X

Thank you for sharing!

Your article was successfully shared with the contacts you provided.
I write this from the the shores of Lago Como, just north of Milan, Italy, in a little ristorante watching the setting sun play off the gently rippling water, the old mansions, and the peasant fishing boats returning with a day’s catch. (Sexy.) Just yesterday, in Milan I deposed a large Italian bank by myself. (Sexy.) It took three Cravath-type attorneys on the other side of the table just to keep up. (Very sexy.) For some strange reason, the desirability of legal work is measured in sexiness. I first heard the word linked to the law during an interview with Chadbourne and Park. It went something like this: You might think you want to litigate, but if you want to do really sexy work, work with us in International Development where we build bridges and dams in third world countries. I started to laugh thinking this guy had just told a joke and had to cover with a fake cough. This guy seriously thought he was sexy. And he knew that if he didn’t proclaim to me his sexiness, I wouldn’t know it. The whole profession is a co-dependant mutually autoadmiring self-help group. And we lie shamelessly. How else am I supposed to feel good about myself in the face of far sexier lawyers? Am I just supposed to accept my pathetic lot in this God-forsaken profession? Absolutely not. I make like the Como fishermen and just tell a better story. (I’ll admit, though, I don’t understand lying about the size of a fish. Have you ever cleaned a fish? I say the smaller the better.) But even the best story is no good if it doesn’t survive cross examination. And since you’re telling the story to other lawyers who do not want to feel inferior to you, there’s a good chance you’ll have to answer some questions to see how the story holds up. Take the third-year associate who threw her hat in the ring the other day. “I have been doing a lot of travel for work lately,” she said. (Sexy.) “For what?” “Well,” affecting modesty, “I’ve been asked to supervise other attorneys in some important preparation.” (Sexier.) “Really? For what?” “I’m in charge of a pretty big project” (Still rising on the sexy chart.) “Wow, what project?” “Oh,” starting to crack under pressure, “some document production.” (Not as sexy.) “I make the final decisions about in which of 15 overly-general categories a document goes.” (Low-level associate stuff does not register on the sexy meter, even among low-level associates.) That’s why my Lago Como story is good; the facts are hard for you to verify and I can come out relatively unscathed. I could give you the name of some of those Cravath-type attorneys with little risk that you contact them and discover the truth. Even if you did contact them, they are Cravath-type attorneys � they don’t have time to respond to you. But when telling your story, you must also consider feasibility. This is where my Lago Como story starts to break up. Under any kind of examination, I probably would have to confess. Even though I was on the shore of Como not long ago after my triumphant deposition, it was rainy and no sun played off of anything. And while I did write something in a cheap tourist trap of a cafe overlooking the gray mist of Como, I’m no longer in Italy and I’m definitely not writing this there. Instead, I am dictating it while hiding under my desk from a militant group of elementary school cafeteria employees ravaging my firm and threatening to burn the library if I don’t represent them against the bus driver union. (Super sexy.) While I don’t really want to represent them, I’m getting cramped under my desk and I don’t want the library burned. (Incredibly noble.) But now I’m really treading dangerous water. Even though I often hide under my desk, you won’t believe it. And because you won’t believe it, you’ll start to ask questions. Things like: What elementary school? What bus driver union? I’ll answer the questions, but you’ll keep probing and, pretty soon you’ll discover that the militant cafeteria employees weren’t threatening to burn the library at all, they were going to smear fake mashed potatoes and gravy all over the bathroom mirrors. There’s nothing sexy about that. Adam Anderson is an associate at Beus Gilbert PLLC in Scottsdale, AZ. (Very sexy.)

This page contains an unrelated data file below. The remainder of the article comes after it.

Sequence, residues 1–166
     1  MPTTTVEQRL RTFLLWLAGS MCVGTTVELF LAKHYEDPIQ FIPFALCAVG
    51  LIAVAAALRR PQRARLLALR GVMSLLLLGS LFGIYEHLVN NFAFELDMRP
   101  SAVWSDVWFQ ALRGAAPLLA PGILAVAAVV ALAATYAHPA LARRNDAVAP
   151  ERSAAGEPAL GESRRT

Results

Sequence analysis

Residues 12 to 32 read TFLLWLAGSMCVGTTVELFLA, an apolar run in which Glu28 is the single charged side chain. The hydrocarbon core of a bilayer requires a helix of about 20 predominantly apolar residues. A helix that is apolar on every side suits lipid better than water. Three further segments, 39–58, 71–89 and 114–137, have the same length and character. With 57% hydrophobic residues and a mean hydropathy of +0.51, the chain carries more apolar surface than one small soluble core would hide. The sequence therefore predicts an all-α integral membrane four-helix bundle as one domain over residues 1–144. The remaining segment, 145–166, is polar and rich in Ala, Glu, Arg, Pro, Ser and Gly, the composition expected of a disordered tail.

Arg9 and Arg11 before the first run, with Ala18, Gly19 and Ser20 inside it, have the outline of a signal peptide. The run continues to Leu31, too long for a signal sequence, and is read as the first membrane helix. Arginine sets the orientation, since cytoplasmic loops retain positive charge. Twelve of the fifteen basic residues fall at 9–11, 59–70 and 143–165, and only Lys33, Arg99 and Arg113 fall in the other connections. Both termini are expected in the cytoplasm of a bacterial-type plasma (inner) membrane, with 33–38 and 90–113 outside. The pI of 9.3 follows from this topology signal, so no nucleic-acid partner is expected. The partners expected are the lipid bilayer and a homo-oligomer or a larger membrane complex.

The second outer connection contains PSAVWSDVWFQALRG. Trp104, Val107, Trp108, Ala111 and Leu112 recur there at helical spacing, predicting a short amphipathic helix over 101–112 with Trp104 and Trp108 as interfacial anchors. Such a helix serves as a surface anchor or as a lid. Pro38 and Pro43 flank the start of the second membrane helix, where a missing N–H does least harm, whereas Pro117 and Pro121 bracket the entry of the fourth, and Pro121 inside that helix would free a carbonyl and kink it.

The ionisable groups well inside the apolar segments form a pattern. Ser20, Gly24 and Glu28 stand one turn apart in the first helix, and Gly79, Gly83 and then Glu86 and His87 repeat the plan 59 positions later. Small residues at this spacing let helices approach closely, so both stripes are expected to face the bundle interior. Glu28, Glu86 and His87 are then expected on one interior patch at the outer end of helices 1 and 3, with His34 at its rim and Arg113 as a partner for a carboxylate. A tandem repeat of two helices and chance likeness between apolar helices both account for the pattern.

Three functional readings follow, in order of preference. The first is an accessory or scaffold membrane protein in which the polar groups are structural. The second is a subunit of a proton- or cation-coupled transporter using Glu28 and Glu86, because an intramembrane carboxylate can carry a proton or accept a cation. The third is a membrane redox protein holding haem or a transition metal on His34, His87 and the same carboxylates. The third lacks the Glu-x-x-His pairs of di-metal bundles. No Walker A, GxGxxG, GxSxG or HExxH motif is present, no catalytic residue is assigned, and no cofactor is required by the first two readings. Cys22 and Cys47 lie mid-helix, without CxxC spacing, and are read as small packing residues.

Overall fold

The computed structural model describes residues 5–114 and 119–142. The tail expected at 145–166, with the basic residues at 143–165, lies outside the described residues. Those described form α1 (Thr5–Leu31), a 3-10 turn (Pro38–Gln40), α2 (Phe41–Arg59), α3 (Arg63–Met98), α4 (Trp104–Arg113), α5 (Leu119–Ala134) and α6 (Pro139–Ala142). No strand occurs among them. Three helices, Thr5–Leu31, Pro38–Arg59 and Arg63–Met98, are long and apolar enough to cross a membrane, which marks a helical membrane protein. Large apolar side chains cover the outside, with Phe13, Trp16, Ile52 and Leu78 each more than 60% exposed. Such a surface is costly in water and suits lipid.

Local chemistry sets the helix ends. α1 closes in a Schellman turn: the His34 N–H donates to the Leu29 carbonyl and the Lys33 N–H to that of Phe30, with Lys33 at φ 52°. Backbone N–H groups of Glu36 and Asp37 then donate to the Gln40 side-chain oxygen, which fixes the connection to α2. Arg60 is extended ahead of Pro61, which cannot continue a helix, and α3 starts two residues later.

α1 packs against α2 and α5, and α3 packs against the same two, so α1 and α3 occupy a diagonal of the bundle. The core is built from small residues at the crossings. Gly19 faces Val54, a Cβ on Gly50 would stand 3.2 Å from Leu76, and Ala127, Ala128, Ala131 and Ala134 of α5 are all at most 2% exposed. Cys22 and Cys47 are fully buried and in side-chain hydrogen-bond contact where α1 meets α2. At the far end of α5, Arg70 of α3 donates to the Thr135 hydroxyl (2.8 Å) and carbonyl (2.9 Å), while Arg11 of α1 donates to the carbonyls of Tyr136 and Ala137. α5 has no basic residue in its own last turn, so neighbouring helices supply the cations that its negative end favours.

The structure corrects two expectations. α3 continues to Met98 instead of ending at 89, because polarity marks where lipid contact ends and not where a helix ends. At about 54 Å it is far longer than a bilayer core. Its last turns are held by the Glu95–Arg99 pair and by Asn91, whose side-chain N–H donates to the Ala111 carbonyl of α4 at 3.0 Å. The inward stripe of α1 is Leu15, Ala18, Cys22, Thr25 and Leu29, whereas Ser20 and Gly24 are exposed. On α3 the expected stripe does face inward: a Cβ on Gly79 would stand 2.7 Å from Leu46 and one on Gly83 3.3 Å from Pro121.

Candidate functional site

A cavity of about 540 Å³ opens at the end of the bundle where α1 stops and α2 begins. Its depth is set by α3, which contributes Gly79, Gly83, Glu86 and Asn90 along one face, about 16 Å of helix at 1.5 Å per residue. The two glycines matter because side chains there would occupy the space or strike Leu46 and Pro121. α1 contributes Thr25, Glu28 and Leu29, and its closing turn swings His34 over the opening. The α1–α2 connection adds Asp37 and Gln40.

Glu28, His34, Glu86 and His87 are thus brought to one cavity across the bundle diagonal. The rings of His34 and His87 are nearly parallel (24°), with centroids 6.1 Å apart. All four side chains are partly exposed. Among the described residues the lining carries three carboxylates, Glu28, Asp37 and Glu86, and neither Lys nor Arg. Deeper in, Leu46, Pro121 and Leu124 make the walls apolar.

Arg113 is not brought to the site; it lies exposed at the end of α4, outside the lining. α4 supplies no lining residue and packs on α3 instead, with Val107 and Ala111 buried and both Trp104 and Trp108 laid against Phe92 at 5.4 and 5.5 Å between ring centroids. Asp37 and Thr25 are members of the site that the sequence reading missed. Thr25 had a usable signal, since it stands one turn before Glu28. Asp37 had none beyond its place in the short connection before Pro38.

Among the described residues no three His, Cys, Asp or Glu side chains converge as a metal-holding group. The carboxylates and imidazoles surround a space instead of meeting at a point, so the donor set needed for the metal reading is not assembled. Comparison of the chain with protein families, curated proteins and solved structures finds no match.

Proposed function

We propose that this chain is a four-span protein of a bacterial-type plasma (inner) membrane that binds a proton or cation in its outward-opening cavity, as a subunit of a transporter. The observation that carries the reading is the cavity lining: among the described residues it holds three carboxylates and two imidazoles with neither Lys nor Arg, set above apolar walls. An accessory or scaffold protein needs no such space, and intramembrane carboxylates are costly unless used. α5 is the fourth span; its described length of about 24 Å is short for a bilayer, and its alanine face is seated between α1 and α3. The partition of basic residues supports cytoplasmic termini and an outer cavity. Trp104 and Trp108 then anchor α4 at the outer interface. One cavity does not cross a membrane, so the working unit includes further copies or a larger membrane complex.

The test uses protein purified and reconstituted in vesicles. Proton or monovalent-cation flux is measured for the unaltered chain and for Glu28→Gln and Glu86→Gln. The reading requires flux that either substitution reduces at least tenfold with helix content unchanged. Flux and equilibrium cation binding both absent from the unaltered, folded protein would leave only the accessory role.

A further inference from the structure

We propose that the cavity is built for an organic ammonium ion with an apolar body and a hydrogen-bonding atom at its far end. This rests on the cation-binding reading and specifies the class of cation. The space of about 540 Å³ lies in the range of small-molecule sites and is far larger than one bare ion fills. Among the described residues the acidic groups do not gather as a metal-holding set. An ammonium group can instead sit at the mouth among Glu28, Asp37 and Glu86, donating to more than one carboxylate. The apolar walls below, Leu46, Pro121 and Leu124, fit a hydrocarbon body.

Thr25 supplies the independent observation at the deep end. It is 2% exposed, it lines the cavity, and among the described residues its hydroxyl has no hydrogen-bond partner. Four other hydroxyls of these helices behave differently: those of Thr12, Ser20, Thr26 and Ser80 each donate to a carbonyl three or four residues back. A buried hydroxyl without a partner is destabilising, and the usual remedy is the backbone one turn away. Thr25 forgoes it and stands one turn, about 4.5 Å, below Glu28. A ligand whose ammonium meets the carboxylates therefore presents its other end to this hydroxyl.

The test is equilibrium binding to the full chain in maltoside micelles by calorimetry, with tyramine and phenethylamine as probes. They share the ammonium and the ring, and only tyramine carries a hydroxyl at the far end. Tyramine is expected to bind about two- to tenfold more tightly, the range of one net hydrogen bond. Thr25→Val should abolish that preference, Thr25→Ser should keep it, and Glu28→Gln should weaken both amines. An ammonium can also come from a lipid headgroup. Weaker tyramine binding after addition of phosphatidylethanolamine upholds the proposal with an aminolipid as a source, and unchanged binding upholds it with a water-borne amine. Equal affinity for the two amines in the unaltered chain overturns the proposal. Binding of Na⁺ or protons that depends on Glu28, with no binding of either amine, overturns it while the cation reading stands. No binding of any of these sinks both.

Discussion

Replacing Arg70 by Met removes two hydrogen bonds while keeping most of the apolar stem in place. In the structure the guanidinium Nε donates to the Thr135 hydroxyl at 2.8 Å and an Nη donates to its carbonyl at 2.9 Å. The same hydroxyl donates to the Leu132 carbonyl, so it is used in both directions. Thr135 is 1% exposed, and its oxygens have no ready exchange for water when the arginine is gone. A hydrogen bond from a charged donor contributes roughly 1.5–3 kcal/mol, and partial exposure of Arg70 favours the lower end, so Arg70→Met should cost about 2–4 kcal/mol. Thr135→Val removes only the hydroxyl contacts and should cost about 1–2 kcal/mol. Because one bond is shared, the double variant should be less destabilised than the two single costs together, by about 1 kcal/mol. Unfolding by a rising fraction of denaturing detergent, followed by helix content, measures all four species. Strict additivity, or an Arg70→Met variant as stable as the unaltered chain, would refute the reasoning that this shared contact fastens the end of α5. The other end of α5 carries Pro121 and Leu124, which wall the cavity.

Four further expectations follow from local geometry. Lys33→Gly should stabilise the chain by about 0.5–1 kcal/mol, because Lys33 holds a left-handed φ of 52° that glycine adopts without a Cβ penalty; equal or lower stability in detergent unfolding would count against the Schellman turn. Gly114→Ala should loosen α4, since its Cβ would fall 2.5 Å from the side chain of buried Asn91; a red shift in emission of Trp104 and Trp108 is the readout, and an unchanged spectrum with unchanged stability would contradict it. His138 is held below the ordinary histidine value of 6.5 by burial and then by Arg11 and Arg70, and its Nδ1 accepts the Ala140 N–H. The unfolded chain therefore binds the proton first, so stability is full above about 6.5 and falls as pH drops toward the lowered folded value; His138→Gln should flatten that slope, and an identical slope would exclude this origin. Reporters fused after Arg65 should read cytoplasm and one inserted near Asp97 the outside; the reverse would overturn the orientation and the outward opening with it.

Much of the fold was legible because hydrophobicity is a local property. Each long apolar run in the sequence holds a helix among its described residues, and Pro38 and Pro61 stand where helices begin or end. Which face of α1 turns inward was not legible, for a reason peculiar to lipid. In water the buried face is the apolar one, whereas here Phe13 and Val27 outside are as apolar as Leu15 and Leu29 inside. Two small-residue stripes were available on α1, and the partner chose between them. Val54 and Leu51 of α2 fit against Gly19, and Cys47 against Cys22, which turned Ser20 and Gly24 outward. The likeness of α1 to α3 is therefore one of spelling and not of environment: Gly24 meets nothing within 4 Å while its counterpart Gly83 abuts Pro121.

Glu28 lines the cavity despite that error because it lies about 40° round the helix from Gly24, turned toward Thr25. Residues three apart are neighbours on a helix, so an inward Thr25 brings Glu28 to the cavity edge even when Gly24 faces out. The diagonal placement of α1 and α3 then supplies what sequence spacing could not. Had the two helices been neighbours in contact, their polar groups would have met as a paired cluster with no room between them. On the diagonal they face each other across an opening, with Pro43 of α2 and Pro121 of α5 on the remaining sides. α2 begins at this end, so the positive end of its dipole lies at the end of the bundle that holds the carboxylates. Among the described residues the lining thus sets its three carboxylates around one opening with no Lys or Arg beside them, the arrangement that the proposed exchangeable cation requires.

This content has been archived. It is available through our partners, LexisNexis® and Bloomberg Law.

To view this content, please continue to their sites.

Not a Lexis Advance® Subscriber?
Subscribe Now

Not a Bloomberg Law Subscriber?
Subscribe Now

Why am I seeing this?

LexisNexis® and Bloomberg Law are third party online distributors of the broad collection of current and archived versions of ALM's legal news publications. LexisNexis® and Bloomberg Law customers are able to access and use ALM's content, including content from the National Law Journal, The American Lawyer, Legaltech News, The New York Law Journal, and Corporate Counsel, as well as other sources of legal information.

For questions call 1-877-256-2472 or contact us at [email protected]

 
 

ALM Legal Publication Newsletters

Sign Up Today and Never Miss Another Story.

As part of your digital membership, you can sign up for an unlimited number of a wide range of complimentary newsletters. Visit your My Account page to make your selections. Get the timely legal news and critical analysis you cannot afford to miss. Tailored just for you. In your inbox. Every day.

Copyright © 2021 ALM Media Properties, LLC. All Rights Reserved.